We have a (generally sensible) pro-property bias in this culture that makes it extremely hard for people to think critically about the most complicated form of property out there — what most call “intellectual property.” To question property of any form makes you a communist. Yet this is precisely our problem: To make it clear that we are pro-copyright without being extremists either way. -- L. Lessig
Every month, I read Jazz Magazine, the best french source for jazz news. It comes with a free CD, that contains public-domain works. Usually, these are rarities : tunes that were never published in digital form. The authors of these compilations are knowledgeable, thus there are often little treasures in there : for example, recordings of the ephemeral Tadd Dameron / Miles Davis quartet, or the first recorded version of Night in Tunisia, before that tune found its name (it used to be called Interlude.) They're free, they're previously unavaible, the quality of the recordings is often poor, thus no company has interest in releasing them. But they're important.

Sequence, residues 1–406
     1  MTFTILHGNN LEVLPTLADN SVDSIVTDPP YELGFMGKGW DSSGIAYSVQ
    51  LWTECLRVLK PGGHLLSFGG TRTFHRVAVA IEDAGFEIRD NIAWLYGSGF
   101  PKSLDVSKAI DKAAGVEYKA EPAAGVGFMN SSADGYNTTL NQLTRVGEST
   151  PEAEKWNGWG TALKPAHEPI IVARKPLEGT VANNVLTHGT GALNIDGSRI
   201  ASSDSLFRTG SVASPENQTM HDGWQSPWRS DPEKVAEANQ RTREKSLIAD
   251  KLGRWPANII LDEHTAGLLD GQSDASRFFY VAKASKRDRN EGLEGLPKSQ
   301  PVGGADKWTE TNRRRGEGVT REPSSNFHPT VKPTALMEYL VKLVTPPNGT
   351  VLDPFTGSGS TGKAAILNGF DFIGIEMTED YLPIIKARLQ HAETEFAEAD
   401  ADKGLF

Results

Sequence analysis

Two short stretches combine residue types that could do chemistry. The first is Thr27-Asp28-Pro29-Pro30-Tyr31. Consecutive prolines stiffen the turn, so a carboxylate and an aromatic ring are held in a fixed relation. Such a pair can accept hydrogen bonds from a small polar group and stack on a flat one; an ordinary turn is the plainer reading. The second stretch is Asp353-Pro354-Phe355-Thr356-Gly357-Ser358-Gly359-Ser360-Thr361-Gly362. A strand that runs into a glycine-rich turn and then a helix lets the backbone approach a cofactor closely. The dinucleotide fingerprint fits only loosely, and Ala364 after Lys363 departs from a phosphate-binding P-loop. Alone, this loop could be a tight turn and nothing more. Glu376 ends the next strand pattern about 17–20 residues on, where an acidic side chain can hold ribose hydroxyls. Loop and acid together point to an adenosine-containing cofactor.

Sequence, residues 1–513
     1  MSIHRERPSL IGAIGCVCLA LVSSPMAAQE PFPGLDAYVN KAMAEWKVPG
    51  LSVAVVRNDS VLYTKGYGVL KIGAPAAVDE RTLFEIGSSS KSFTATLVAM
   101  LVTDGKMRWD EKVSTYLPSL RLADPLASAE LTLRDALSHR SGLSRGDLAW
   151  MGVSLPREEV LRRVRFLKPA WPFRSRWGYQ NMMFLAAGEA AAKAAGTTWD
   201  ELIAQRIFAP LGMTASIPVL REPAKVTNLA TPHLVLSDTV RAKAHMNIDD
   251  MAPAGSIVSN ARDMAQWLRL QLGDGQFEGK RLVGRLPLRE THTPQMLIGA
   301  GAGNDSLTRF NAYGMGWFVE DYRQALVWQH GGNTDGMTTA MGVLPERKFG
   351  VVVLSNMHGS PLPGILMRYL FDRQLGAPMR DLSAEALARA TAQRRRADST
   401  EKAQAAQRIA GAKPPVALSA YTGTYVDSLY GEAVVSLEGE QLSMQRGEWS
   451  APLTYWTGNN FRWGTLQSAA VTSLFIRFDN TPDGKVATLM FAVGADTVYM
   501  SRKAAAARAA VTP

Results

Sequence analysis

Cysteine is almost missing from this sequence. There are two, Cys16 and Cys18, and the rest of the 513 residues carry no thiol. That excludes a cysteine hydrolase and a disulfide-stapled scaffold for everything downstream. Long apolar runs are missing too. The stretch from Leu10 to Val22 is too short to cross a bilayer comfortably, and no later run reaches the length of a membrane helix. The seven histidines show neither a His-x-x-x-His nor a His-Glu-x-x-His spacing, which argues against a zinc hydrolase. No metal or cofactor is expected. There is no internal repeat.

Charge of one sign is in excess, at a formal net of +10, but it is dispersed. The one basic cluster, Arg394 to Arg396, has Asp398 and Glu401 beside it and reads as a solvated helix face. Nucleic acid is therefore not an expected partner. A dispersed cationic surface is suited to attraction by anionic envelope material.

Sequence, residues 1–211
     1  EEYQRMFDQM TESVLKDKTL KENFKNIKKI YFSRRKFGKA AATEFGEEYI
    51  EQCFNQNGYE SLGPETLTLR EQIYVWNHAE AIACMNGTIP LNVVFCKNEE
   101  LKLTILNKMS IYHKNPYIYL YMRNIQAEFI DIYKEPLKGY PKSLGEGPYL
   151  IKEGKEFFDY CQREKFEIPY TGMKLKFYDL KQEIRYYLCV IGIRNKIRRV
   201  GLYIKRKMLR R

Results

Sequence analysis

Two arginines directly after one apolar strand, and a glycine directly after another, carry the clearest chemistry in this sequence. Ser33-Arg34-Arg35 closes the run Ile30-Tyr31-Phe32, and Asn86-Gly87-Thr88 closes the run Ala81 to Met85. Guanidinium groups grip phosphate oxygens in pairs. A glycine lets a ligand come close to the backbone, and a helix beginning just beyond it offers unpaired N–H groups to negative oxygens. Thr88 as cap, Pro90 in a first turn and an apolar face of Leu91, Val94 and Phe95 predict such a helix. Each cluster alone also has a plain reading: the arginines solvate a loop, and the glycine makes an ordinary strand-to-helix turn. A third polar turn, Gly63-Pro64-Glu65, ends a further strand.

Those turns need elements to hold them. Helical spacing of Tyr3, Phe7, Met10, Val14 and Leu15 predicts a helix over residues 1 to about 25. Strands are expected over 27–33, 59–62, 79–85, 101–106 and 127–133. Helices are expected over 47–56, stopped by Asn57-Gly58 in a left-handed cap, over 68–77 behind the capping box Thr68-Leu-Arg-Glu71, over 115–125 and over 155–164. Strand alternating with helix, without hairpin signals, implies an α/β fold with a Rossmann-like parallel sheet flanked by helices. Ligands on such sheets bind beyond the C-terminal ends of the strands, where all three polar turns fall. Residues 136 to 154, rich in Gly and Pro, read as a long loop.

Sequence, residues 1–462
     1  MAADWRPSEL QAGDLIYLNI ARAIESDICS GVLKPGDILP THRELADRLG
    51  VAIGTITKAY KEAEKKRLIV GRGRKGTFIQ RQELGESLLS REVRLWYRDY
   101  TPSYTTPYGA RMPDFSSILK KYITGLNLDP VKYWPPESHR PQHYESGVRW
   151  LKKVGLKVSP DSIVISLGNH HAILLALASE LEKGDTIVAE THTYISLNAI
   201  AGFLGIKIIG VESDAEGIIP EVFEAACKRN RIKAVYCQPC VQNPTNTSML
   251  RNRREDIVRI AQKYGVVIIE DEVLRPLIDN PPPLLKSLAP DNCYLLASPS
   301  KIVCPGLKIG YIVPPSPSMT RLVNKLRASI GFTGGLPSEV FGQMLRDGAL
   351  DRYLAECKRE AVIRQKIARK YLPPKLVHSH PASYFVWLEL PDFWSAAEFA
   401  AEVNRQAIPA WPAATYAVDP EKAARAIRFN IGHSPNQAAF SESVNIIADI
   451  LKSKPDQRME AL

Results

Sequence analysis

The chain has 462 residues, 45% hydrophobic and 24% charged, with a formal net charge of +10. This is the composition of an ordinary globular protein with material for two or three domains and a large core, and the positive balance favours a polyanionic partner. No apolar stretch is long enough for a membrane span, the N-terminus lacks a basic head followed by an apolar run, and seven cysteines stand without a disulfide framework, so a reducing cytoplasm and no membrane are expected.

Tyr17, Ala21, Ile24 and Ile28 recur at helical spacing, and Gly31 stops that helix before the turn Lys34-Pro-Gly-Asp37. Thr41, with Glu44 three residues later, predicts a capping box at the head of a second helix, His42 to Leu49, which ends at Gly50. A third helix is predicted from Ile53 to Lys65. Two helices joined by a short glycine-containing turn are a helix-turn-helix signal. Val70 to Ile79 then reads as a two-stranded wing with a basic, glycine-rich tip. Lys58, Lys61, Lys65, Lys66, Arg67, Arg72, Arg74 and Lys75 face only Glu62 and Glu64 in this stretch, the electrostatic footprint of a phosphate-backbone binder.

The history of Jazz has quite a few things to teach to us about intellectual property and copyright issues, versus creation and progress. More on that later. -- Title of this journal entry by John Birks Dizzy Gillespie.